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Friday, August 31, 2007

Care and feeding of your contractor

Much of my web content writing is done on a contract basis, with the number of hours I work per month somewhat variable. The workflow from one of my clients slowed markedly in August, so I'll be billing them for only a couple of hours of work this month.

Imagine my surprise when a check arrived from that client today representing 10 hours of work. I didn't remember billing them for that, so went back and checked my records. No clue. Then I looked closely at the memo line on the check. It said, simply: "Bonus."

Tears came to my eyes. I felt incredibly valued. Will I work my tail off for them in September? Oh yes, you bet!

Wednesday, August 29, 2007

Slow in August

There's a perceptible slow-down in the blogosphere in late August.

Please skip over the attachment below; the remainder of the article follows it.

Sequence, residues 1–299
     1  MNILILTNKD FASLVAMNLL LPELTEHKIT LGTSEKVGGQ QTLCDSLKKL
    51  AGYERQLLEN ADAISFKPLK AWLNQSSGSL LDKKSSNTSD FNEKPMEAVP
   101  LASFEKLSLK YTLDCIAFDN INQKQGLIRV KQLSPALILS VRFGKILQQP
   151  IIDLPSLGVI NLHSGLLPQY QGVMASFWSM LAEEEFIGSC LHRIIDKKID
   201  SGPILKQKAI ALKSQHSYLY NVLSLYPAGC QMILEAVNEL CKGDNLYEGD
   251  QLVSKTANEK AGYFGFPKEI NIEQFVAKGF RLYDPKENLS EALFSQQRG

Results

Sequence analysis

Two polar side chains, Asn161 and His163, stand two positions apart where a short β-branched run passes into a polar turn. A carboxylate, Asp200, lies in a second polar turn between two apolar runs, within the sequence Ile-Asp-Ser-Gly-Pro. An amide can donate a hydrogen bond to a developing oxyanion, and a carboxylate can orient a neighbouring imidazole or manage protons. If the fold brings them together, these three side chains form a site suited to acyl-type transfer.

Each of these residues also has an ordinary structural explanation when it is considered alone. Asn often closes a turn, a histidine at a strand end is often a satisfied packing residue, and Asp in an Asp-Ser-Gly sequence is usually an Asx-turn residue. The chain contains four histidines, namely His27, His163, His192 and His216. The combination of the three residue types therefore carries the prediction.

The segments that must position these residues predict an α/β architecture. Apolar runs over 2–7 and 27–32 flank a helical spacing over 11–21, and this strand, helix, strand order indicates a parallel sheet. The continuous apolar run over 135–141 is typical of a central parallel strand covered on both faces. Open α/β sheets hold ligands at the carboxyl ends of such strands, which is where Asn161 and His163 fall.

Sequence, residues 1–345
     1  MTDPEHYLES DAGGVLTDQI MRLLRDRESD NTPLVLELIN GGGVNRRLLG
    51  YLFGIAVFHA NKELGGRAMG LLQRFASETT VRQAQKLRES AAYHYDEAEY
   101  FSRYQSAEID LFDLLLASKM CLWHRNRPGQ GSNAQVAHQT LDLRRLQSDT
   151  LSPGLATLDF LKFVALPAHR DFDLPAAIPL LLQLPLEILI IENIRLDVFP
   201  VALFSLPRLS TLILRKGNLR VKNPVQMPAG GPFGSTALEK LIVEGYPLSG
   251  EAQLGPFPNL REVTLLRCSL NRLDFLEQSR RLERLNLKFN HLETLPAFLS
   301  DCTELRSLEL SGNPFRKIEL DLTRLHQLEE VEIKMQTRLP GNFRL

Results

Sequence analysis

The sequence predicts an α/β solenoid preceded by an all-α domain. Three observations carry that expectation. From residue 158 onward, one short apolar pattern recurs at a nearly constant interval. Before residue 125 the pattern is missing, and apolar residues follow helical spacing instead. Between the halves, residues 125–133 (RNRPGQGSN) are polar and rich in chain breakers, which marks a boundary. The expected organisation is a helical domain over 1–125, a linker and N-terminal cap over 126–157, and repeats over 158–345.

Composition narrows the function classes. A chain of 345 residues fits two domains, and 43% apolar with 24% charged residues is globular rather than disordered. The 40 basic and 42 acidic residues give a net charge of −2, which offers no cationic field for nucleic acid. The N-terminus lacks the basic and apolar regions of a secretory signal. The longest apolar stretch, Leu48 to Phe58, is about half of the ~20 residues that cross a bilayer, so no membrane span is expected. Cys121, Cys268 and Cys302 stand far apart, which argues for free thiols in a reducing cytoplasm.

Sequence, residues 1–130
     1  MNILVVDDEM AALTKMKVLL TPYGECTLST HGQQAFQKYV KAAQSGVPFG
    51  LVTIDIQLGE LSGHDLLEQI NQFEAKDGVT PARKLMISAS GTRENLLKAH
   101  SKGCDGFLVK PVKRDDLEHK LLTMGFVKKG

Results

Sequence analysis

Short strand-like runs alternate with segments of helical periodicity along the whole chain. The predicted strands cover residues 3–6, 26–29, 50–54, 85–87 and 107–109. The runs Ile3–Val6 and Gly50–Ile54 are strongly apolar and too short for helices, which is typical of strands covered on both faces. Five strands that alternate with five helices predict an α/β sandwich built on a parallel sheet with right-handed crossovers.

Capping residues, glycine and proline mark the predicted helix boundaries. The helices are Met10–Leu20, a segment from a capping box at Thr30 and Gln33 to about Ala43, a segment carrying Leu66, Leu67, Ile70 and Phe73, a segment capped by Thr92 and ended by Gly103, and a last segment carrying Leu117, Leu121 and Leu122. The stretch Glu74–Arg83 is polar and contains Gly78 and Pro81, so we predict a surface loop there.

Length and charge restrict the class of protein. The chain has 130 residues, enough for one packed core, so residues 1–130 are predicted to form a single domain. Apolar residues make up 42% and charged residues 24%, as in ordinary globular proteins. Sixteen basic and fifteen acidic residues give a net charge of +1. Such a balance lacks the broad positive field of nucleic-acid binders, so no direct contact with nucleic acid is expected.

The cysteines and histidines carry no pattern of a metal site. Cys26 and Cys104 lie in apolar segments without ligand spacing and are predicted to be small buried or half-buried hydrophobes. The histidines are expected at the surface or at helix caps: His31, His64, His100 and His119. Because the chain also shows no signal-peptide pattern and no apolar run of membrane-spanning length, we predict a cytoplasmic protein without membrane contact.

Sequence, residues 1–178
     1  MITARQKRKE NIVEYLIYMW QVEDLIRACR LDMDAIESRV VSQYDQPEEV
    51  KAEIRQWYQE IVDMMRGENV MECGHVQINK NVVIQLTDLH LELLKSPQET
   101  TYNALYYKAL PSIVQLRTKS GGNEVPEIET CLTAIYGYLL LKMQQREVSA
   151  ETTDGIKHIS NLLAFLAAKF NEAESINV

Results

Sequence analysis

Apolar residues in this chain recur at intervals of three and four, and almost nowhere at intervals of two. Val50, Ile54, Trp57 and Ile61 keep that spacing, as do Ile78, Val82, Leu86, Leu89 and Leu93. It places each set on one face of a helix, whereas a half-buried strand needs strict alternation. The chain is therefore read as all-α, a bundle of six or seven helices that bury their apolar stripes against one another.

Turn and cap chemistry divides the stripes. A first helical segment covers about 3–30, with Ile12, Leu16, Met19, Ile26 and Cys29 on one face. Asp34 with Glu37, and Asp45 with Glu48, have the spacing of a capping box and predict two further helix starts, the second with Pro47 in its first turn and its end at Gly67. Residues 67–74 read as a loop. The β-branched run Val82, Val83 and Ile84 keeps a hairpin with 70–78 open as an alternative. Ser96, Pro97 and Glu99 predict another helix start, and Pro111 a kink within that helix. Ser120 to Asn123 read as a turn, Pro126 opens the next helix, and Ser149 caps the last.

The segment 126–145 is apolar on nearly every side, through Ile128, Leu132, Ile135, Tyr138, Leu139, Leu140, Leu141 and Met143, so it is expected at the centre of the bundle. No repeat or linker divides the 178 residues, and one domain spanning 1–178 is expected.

People are off the grid on vacation, at Burning Man, or just out enjoying the last days of summer (and taking advantage of the absence of bosses, collegues and clients to do so).


Wednesday, August 22, 2007

Mice? Nice!

The Name Inspector nibbles appreciatively at the TrenchMice site and the story of how TrenchMice got its distinctive name.

Monday, August 20, 2007

Red ink: It's not just for editors

On the freelance writing lists I frequent, and at the indie business site, Biznik, there is much talk about pricing your services, billing clients, and collecting from clients who are slow to pay. But no one ever says beep about their own bill-paying habits.

I bring this up because today I met with a new accountant, one who comes highly recommended and who was (like several other accountants I've talked with in the past year or so) noticeably reluctant to take on a new small business client. Now I know why.

We spent more than an hour going over some fairly gnarly tax issues involved in my transition from salaried work to sole-proprietor contracting business. His insights were impressive. At the end of it all, I reached for my checkbook. He looked astonished.